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To use regex in typescript, use the new RegExp() constructor, using this you can easily create and store the regex in a variable after that you will be able to operate on it.

This tutorial will help you to use Regular expressions (RegEx) in typescript, here we will learn below three points in typescript regex.

  1. Create Regular Expressions
  2. Regular Expressions Methods
  3. Regular Expressions Practice

Let’s start today’s tutorial How to use regex in typescript?

Create Regular Expressions

There are two ways to create a regular expression in TypeScript. It can be either created with the RegExp constructor or by using forward slashes ( / ) to enclose the pattern.

Regular Expression Constructor

Syntax: new RegExp(pattern)

Example:

const regex: RegEx = new RegExp('to');

Regular Expression Literal

Syntax: /pattern/

Example:

const regex: RegEx = /to/;

There might also be cases where you want to create regular expressions dynamically, in which case regex literal won’t work, so you have to use a regular expression constructor.

No matter which method you choose, the result is going to be a regex object. Both regex objects will have the same methods and properties attached to them.

Regular Expressions Methods

There are mainly Five methods for testing regular expressions.

  1. RegExp.prototype.test()
  2. RegExp.prototype.exec()
  3. String.prototype.match()
  4. String.prototype.replace()
  5. String.prototype.replaceAll()

RegExp.prototype.test()

This method is used to test whether a match has been found or not. It accepts a string that we have to test against a regular expression and returns true or false depending upon if the match is found or not.

let regex = /hello/;
let str: string = 'hello world';
let result: boolean = regex.test(str);
console.log(result);
// returns true

Output

RegExp.prototype.exec()

This method returns an array containing all the matched groups. It accepts a string that we have to test against a regular expression.

let regex = /hello/;
let str: string = 'hello world';
let result: any = regex.exec(str);
console.log(result);
// returns [ 'hello', index: 0, input: 'hello world', groups: undefined ]

Output

String.prototype.match()

The match() method retrieves the result of matching a string against a regular expression.

let’s see an example of finding an uppercase letter using the match() method.

const paragraph: string = 'The quick brown fox jumps over the lazy dog. It barked.';
const regex = /[A-Z]/g;
const found: Array<string> = paragraph.match(regex);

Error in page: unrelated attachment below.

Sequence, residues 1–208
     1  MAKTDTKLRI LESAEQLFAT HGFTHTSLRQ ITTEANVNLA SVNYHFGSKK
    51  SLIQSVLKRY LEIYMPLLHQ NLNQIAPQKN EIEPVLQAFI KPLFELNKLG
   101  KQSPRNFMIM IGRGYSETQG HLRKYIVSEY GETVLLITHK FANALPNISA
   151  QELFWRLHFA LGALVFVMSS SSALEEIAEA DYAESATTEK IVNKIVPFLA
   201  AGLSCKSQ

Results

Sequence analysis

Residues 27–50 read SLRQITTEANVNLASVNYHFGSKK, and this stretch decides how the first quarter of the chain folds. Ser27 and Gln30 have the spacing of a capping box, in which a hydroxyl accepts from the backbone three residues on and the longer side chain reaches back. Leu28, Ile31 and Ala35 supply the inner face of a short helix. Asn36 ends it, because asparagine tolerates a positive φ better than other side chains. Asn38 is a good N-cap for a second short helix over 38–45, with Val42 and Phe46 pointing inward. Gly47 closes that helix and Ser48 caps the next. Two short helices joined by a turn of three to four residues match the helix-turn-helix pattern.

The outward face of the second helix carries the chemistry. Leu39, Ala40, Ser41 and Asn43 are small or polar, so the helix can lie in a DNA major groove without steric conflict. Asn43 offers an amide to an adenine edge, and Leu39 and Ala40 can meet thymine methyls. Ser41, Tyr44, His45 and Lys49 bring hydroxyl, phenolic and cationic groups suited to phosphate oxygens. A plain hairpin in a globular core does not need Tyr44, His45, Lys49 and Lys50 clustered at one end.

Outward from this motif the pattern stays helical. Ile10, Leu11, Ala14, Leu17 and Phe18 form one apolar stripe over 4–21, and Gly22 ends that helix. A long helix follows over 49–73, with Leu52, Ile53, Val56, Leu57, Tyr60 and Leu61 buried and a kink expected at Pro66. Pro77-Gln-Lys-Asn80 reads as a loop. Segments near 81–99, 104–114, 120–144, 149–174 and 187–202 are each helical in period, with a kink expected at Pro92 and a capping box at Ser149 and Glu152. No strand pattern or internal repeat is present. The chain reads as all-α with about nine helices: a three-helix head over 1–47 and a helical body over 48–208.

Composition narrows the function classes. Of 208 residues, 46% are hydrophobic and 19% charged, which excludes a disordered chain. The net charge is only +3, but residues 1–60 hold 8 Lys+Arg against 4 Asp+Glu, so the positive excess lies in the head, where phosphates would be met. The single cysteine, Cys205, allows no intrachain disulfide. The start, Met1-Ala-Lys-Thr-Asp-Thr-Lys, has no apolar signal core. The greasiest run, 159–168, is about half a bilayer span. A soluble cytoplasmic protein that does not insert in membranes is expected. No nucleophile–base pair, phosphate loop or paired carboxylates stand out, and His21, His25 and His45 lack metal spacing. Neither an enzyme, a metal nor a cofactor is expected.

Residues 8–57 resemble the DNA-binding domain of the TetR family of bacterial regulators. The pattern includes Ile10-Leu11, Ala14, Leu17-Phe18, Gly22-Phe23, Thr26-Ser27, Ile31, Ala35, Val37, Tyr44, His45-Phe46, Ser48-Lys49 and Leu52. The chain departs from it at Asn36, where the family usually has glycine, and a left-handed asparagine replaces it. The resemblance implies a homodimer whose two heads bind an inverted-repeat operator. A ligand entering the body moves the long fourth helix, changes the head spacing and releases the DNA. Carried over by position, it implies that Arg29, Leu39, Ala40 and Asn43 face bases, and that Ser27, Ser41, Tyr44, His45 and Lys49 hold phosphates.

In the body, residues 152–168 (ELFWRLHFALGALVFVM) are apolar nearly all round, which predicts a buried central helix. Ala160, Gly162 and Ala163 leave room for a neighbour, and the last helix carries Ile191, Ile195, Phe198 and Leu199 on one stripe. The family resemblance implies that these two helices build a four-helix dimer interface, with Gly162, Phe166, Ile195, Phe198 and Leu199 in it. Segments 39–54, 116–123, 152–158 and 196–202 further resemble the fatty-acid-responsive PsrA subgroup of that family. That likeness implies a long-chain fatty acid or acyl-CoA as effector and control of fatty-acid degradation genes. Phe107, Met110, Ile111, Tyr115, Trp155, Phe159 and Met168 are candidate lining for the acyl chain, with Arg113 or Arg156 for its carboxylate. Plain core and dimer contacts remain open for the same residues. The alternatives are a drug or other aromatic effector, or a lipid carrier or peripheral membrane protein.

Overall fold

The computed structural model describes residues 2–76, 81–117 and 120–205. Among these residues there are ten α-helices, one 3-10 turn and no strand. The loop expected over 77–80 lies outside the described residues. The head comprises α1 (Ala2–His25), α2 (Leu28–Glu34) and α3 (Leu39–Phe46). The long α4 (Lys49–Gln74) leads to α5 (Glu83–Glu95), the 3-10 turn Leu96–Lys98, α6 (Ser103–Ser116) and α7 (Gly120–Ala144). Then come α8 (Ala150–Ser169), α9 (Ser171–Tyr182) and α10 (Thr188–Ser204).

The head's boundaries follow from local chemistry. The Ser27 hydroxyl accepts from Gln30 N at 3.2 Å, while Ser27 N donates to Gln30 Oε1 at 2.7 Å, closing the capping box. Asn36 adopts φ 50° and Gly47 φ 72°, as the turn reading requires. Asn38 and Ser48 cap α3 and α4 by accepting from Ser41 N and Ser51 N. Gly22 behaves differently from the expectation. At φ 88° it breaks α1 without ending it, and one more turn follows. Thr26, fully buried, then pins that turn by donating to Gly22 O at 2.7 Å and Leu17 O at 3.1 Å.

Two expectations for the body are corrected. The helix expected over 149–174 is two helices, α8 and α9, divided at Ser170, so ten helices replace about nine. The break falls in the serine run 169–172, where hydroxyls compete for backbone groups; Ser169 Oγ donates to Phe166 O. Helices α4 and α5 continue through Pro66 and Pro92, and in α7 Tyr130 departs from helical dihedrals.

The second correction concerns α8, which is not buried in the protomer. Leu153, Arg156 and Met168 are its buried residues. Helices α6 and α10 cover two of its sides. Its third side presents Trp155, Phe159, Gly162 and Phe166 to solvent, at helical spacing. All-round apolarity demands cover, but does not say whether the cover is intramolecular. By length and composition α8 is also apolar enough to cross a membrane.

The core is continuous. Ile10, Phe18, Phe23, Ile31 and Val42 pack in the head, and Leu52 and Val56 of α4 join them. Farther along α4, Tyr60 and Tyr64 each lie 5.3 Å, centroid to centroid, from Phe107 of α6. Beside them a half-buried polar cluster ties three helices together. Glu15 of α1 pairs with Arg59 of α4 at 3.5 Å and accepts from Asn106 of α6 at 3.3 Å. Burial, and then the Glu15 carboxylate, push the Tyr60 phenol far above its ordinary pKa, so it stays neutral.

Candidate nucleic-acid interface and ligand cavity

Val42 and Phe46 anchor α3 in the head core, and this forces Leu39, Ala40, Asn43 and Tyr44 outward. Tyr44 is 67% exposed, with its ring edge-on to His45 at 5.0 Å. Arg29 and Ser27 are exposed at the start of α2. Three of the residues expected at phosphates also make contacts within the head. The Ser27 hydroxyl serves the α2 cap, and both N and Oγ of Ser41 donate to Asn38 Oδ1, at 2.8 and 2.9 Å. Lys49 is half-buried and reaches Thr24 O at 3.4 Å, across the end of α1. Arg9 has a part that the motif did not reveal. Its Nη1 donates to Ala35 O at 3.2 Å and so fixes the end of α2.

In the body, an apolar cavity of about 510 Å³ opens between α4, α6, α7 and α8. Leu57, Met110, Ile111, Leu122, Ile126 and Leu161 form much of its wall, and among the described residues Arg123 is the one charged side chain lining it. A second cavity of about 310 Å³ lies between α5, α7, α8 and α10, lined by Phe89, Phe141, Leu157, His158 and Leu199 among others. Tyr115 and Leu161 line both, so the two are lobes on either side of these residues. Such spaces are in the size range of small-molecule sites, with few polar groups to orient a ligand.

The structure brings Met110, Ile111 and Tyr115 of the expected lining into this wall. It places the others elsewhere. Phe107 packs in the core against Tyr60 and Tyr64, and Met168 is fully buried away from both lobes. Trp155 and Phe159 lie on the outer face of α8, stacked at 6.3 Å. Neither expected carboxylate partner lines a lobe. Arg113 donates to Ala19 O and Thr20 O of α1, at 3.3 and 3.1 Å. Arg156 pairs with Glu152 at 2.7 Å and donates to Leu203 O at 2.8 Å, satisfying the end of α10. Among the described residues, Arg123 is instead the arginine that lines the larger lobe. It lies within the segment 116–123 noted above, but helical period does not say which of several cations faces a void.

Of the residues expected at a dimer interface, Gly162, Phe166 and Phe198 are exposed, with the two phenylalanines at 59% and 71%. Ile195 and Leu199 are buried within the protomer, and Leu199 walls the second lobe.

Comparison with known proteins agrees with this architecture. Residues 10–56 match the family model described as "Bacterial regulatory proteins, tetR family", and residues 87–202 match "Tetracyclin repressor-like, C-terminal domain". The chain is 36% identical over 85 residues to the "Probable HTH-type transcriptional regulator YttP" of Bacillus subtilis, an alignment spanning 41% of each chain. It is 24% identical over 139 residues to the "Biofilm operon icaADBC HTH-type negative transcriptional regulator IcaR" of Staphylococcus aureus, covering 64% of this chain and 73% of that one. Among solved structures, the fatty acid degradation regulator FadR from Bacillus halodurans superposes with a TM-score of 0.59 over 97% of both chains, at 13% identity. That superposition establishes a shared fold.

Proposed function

console.log(found);
// expected output: Array ["T", "I"]

Output

  • If you need to know if a string matches a regular expression RegExp, use RegExp.prototype.test().
  • If you only want the first match found, you might want to use RegExp.prototype.exec() instead.
  • If you want to obtain capture groups and the global flag is set, you need to use RegExp.prototype.exec() or String.prototype.matchAll() instead.

String.prototype.replace()

The replace() method returns a new string with one, some, or all matches of a pattern replaced by a replacement. The pattern can be a string or a RegExp, and the replacement can be a string or a function called for each match. If the pattern is a string, only the first occurrence will be replaced. The original string is left unchanged.

const p: string = 'The quick brown fox jumps over the lazy dog. If the dog reacted, was it really lazy?';

console.log(p.replace(/Dog/i, 'ferret'));
// expected output: "The quick brown fox jumps over the lazy ferret. If the dog reacted, was it really lazy?"


console.log(p.replace(/Dog/ig, 'ferret'));
// expected output: "The quick brown fox jumps over the lazy ferret. If the ferret reacted, was it really lazy?"

Output

String.prototype.replaceAll()

The replaceAll() method returns a new string with all matches of a pattern replaced by a replacement. The pattern can be a string or a RegExp, and the replacement can be a string or a function to be called for each match. The original string is left unchanged.

const p: string = 'The quick brown fox jumps over the lazy dog. If the dog reacted, was it really lazy?';

// global flag required when calling replaceAll with regex
const regex = /Dog/ig;
console.log(p.replaceAll(regex, 'ferret'));
// expected output: "The quick brown fox jumps over the lazy ferret. If the ferret reacted, was it really lazy?"

The replaceAll() method is new and still, it does not support many environments so better try p.replace(/Dog/ig, 'ferret') it’s do same thing.

Regular Expressions Practice

Regex to get true or false

We have the .test() method, it will return true when the string matches or false if not.

let str: string = "Welcome to Infinitbility";
let regex = /to/;

regex.test(str);

Output

Regex to get match value

We have the .match() method to get match content from a string.

let str: string = "Welcome to Infinitbility";
let regex = /to/;

console.log(str.match(regex));

Output

Regex to get no of occurrence match value

Multiple times we want to know how many times the same string repeats in our data.

we have to change only regex globally like the below code example. it will provide an array of match content.

let str: string = "Welcome to to Infinitbility";
let regex = /to/g;

console.log(str.match(regex).length);

Output

I hope it helps you, All the best 👍.